We are researching why health inequities occur, focusing on the social determinants of health in disadvantaged groups. We are studying the situational and structural factors that affect the provision of healthcare for vulnerable communities, as well as novel interventions developed specifically for members of these groups.
Aboriginal Australians continue to experience serious inequality compared to the general population. The Indigenous people we work with experience chronic and complex problems, interpersonal and institutional racism, and barriers to accessing care. Research into Aboriginal health spans each of the research themes of UNSW Medicine.
While health outcomes in Australia are generally better than at any time in history, these gains have not been shared equally across the entire population. Some groups are still experiencing significantly greater rates of disease and poorer access to quality healthcare. UNSW has a major strength in addressing the health of these vulnerable and marginalised communities.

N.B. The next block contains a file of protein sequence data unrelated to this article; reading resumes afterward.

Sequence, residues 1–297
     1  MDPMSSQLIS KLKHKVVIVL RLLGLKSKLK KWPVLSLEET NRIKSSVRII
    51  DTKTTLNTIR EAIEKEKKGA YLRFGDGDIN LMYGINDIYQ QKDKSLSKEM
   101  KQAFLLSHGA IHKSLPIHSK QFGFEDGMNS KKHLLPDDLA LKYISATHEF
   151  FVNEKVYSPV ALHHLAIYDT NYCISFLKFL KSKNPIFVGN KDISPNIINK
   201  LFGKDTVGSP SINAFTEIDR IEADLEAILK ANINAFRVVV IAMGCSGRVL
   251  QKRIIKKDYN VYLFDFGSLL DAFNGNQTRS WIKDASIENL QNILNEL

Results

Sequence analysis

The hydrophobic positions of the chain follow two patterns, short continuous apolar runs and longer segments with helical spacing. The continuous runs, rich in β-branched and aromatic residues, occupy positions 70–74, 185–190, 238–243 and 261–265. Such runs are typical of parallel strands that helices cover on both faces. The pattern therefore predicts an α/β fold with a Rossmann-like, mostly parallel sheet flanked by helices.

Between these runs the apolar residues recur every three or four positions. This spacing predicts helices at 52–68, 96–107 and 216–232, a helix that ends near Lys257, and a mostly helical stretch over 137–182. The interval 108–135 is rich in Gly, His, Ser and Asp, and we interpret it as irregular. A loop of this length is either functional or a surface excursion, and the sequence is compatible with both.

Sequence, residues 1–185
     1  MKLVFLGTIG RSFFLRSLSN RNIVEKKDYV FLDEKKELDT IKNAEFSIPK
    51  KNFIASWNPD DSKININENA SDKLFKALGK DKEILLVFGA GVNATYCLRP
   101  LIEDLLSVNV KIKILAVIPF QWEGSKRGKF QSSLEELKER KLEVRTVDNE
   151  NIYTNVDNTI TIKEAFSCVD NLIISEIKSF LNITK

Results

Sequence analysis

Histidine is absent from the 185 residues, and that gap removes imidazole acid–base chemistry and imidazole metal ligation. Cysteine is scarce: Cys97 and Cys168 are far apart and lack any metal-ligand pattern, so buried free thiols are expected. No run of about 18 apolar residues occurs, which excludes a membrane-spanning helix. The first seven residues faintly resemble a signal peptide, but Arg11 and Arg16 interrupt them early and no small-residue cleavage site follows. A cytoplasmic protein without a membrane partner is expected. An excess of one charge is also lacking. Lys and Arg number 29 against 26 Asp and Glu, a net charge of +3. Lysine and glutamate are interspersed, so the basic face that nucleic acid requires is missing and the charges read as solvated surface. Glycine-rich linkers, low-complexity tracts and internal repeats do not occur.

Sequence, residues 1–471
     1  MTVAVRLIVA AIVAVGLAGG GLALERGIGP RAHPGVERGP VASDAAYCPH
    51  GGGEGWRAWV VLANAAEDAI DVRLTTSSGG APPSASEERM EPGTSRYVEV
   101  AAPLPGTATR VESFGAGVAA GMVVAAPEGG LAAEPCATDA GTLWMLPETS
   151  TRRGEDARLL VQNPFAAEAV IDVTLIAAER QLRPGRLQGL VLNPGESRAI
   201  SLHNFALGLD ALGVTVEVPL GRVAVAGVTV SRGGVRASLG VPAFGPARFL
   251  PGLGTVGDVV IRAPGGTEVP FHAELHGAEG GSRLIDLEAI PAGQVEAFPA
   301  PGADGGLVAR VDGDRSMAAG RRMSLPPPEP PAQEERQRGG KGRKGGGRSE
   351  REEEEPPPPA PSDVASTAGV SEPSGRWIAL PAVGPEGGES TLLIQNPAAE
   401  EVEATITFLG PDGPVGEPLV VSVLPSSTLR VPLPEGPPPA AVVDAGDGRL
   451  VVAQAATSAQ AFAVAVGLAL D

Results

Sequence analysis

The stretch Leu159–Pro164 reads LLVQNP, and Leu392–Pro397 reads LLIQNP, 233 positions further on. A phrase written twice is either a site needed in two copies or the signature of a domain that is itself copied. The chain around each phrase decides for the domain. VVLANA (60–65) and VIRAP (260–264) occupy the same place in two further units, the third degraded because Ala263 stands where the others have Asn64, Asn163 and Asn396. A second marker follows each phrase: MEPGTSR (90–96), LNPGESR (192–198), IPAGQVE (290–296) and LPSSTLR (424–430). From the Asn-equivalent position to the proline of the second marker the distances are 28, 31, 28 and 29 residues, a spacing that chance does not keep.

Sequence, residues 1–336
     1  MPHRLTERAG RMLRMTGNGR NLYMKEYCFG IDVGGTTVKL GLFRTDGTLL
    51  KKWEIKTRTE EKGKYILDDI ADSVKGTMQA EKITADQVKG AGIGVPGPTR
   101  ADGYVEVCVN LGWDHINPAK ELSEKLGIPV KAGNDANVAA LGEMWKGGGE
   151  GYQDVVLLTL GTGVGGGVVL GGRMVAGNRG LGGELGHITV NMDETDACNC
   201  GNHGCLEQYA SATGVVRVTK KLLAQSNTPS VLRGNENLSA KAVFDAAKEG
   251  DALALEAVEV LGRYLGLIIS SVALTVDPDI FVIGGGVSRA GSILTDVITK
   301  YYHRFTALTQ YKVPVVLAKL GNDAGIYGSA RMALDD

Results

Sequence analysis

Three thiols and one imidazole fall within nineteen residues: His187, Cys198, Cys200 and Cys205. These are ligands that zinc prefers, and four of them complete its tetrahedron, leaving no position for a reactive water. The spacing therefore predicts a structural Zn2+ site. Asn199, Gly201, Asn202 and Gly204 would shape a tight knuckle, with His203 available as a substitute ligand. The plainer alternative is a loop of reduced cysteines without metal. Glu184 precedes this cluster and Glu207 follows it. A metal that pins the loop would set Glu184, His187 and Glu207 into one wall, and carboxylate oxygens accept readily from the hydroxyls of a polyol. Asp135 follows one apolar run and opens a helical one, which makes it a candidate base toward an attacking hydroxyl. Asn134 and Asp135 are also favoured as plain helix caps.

With significant gaps in our understanding of the effects of many treatments on pregnant women and children, there is an ongoing and urgent need for medical research that focuses on these populations.
More than 85% of Australians access primary healthcare at least once a year. Primary care is the first level of healthcare and provides the gateway by which patients access innovative treatments and medications made possible by medical research.